Northwest Military Blogs: McChord Flightline Chatter

June 2, 2016 at 8:13am

McChord JA participates in Law Day

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Judge Advocates from Joint Base Lewis-McChord gave legal advice to an unusual audience on May 25.

Members of the 62nd Airlift Wing Legal office visited with students of Carter Lake Elementary School on McChord Field, during the nation-wide Law Day.

Law Day is a program sponsored by the American Bar Association, a professional organization which oversees the legal profession, designed to teach children about the legal system and how it can affect their everyday life.

The theme for this year's day was "Miranda: More than Words."

"Law Day is a day where we (attorneys) get to talk about our legal profession and what we do," said Capt. Laura Quaco, 62nd AW chief of legal assistance and preventative law. "I put together this volunteer opportunity to give students a little insight on what we do as judge advocates for the United States Air Force."

The students started with a short class version of the book, The Three Little Pigs, before they were split into groups and learned some judicial system terminology.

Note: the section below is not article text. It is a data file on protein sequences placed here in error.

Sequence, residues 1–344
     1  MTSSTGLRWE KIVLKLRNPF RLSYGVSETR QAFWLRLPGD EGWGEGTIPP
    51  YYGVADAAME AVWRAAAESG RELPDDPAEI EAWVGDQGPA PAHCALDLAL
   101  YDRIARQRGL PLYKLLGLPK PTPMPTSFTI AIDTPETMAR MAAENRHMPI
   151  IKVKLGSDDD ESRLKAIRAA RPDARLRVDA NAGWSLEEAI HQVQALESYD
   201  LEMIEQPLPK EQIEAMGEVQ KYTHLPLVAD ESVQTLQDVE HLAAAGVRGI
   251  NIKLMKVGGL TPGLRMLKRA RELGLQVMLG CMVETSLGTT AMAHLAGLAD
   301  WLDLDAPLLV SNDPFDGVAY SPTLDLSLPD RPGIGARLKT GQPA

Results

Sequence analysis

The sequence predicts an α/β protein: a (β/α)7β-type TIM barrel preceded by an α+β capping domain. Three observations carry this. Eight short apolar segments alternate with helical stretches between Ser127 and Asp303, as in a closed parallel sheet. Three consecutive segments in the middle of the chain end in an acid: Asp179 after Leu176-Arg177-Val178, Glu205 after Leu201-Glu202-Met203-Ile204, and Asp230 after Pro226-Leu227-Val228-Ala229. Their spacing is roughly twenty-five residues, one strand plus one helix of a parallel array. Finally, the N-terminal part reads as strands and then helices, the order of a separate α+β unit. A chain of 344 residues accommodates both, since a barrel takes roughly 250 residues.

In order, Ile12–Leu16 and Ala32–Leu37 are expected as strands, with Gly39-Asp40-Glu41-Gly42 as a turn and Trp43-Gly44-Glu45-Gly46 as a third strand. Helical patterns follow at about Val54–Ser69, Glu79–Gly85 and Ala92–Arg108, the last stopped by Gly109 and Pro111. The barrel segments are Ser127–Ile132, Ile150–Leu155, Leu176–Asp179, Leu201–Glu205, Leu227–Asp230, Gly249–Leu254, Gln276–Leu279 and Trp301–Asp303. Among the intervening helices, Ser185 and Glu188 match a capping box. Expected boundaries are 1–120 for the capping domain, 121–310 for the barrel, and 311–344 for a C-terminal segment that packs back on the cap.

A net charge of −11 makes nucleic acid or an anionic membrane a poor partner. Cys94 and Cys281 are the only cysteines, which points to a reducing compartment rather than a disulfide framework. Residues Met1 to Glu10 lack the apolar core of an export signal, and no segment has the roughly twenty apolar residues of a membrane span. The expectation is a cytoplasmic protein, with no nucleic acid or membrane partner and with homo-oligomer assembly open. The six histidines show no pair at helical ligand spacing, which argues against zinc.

"The kids were real eager to learn the lingo," said Senior Airman Tracy Kuenher, 62nd AW paralegal.

After the students went over some of the terminology, the prepared themselves for the mock trial of the "Big Bad Wolf".

"I think we made the mock trial a lot of fun for the kids," said Quaco. "We spruced up the script and selected students to act as the jury panel and give them a chance to deliberate."

Once the jury was done deliberating, they were allowed to give their verdict.

Two out of the three classes thought the "Wolf" was innocent.

"Some of the students were eager to dish out harsh punishment to the "Wolf"," said Keunher. "But I think they learned a valuable lesson regardless if they handed out heavy or lenient sentences."

Quaco said she believed that the kids enjoyed the Law Day activity that was planned for them.

"I asked them how they liked it and they all screamed and yelled," said Quaco. "A lot of them were really interested in the whole courtroom scene and that makes me happy because educating our youth early can ultimately help lead to less crime through heightened awareness of potential victims."

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